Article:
I’ve always held that piping, especially solo piping, is one huge massive headgame – played often by those of us with huge massive heads.
First, by “headgame” (and really it should read “head game”, but I like the diagnostic certainty implied by writing one word) I mean psychological “self talk”: ambiguity, uneasiness and worry all rolled up in one tidy ill-timed inner conversation.
Take my most recent competitive endeavour: last Saturday’s Livingstone Invitational contest. Based on my experience I’d say I was pretty prepared. I’d practiced well. I’d done all the things I know to be good preparation. But, whoa … the chatter inside my heid would surely alert the dullest of CIA operatives.
A (seriously) condensed play-by-play went something like this:
Pibroch – His Father’s Lament for Donald MacKenzie – Ground, line 2: “what is that guy in the front row saying to his friend? I bet he doesn’t even know the pibroch. Why is he talking? Etc.
Variation 1, singling: “I love this variation. It would be great played with harmony in a pipe band. The judges look bored. Don’t look at the judges”
Taorluath Singling: “Judge John MacKenzie [in evening dress] looks like John M MacKenzie’s photo from the cover of his book – wow – same names…he should judge more often.”
Taorluath Doubling: Guy coughing up a storm in the front row: “Stop it for gawd sakes … Will the judges let me play again if I break down? … ”
Crunluath Singling & Doubling: “for eff sakes, hold that first note longer idiot”
The light music in the evening was similarly wierd – or wierder. I won’t bore you with details.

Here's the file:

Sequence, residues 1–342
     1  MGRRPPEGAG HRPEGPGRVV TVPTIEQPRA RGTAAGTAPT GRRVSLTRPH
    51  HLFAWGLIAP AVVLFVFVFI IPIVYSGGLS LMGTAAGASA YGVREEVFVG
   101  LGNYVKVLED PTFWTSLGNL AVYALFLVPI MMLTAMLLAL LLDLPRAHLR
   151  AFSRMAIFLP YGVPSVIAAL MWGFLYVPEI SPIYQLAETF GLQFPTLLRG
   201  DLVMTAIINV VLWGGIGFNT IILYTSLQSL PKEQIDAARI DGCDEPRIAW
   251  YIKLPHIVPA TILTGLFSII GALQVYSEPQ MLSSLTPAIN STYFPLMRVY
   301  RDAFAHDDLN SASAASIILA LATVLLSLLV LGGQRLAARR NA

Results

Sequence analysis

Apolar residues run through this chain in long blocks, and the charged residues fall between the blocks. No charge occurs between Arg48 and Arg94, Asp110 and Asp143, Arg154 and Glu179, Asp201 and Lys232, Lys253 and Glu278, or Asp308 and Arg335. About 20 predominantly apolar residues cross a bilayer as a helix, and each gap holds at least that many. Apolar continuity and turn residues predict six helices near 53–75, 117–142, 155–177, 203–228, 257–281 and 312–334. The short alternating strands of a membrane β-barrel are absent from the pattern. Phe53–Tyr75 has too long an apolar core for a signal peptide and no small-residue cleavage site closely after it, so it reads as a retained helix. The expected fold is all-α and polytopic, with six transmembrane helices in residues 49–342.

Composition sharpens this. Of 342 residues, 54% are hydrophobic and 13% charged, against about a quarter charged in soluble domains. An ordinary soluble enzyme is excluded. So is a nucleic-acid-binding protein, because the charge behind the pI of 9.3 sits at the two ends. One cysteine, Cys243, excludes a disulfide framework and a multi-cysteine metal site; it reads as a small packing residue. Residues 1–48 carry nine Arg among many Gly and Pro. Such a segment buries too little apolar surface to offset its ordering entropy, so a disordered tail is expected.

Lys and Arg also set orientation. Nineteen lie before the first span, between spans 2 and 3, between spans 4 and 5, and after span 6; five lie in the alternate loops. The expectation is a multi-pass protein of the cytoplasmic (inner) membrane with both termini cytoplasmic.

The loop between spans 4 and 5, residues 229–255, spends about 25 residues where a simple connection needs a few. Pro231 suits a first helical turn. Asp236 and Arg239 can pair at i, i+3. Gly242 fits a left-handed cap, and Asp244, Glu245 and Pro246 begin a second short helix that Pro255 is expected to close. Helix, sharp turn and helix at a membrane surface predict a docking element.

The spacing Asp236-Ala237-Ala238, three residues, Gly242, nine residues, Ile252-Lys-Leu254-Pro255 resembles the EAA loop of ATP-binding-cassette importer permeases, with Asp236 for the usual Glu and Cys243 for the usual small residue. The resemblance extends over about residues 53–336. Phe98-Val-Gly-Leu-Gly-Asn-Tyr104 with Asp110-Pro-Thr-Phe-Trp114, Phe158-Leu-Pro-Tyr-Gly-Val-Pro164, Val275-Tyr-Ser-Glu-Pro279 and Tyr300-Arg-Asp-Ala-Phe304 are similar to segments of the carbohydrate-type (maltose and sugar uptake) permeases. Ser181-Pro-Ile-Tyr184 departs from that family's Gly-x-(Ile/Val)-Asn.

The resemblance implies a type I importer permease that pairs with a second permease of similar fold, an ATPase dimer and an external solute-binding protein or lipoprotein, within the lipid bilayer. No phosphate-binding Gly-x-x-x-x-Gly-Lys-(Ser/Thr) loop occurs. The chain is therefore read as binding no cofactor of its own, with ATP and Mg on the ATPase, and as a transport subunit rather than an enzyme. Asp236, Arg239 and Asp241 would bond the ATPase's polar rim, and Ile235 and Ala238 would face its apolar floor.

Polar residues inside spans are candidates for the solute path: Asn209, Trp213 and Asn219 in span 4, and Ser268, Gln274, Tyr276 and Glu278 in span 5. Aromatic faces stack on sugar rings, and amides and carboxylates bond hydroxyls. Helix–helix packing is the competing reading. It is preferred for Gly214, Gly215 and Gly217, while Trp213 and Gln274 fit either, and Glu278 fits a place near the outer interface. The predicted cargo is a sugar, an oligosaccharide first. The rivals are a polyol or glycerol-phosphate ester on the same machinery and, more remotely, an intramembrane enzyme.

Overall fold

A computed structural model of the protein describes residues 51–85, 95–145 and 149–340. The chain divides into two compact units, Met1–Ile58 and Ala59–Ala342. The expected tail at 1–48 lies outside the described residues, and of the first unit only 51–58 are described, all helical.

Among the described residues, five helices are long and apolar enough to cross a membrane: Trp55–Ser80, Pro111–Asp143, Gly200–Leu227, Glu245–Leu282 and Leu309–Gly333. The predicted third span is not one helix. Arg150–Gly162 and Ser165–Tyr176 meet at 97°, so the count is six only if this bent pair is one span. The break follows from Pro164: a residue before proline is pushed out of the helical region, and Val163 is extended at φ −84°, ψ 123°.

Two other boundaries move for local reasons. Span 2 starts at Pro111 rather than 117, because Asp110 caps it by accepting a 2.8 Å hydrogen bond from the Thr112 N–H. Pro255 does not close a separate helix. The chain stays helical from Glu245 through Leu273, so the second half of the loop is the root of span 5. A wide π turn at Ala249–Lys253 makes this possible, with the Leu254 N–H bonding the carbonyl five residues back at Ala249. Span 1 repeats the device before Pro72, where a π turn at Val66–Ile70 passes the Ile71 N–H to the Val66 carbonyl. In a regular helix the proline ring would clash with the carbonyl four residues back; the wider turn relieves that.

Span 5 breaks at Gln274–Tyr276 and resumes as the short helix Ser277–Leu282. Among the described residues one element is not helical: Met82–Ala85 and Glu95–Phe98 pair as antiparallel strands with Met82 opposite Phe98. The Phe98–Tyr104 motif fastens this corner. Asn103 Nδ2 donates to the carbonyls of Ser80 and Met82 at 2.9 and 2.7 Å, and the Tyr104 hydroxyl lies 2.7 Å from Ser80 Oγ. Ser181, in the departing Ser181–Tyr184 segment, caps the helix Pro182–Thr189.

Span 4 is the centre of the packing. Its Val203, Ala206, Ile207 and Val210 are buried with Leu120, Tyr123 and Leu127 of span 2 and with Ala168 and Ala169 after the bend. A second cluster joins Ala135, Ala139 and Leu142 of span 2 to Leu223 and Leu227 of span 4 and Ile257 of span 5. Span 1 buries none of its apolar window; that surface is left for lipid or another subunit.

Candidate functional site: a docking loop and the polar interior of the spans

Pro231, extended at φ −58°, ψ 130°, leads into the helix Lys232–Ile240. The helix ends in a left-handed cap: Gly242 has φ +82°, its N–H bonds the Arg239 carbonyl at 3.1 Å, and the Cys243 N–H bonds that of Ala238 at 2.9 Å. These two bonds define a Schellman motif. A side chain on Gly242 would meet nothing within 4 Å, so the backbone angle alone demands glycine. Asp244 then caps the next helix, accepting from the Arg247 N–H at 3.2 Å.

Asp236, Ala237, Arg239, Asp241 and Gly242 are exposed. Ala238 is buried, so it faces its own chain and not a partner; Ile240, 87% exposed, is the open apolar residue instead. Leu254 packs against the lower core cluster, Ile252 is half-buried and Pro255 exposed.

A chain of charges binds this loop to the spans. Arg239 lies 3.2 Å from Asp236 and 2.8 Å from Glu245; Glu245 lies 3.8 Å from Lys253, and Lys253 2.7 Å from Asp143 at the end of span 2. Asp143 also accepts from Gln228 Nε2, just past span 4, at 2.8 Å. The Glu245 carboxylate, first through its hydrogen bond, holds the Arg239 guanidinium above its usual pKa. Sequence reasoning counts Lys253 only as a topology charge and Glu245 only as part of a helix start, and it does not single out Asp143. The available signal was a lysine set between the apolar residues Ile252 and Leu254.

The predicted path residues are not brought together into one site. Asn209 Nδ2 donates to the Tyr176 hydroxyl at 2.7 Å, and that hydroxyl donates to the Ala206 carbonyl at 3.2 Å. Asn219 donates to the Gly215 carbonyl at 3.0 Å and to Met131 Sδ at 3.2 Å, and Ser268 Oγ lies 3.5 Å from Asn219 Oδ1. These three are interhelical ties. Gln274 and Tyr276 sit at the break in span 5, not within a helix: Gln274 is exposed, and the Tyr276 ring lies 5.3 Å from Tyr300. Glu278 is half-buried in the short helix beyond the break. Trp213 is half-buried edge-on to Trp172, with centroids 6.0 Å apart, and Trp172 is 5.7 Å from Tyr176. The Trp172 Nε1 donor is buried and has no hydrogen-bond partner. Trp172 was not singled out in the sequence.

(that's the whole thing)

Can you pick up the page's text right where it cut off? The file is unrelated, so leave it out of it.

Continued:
Anyway, good preparation can be a funny thing in a competition and a double-edged blade: on the one hand, you know your stuff; on the other: you know your tunes so well complex performance-intrusive thoughts happen in tandem with the show. Surely, what ends up happening is a a testament to the wonders of the human mind and body.
You’ll know, I’m sure, that there’s a book around, “The Inner Game of Music“. I’ve never managed to get into it – and I have tried. It always seemed too analytical, just too much of a muchness, full of all that intuitive common sense we (me) associate with self-help books. Anyway, it’s on my bookshelf. I think I will have a good look inside. Who knows.
Regardless, I have to say, what I have described here is not too far off what has occured through every damned public performance I have ever given. Ever. Here’s one: Ballymena Concert, August 1987, solo during a 78th Fraser Highlanders Pipe Band concert: “last jig: please let me finish without breaking down, I’ll devote my life to God”. I believe this might be dubbed, “bargaining”, by those in the know. True story, as Kenny Eller might say.
So, while I must admit, much of what happens in the mind in mid-performance puzzles me, I have to say, without any reservation, practice and rehearsal is everything.
Don’t ever (ever) under-estimate the value of good preparation. Just watch the mid-performance promises you make.
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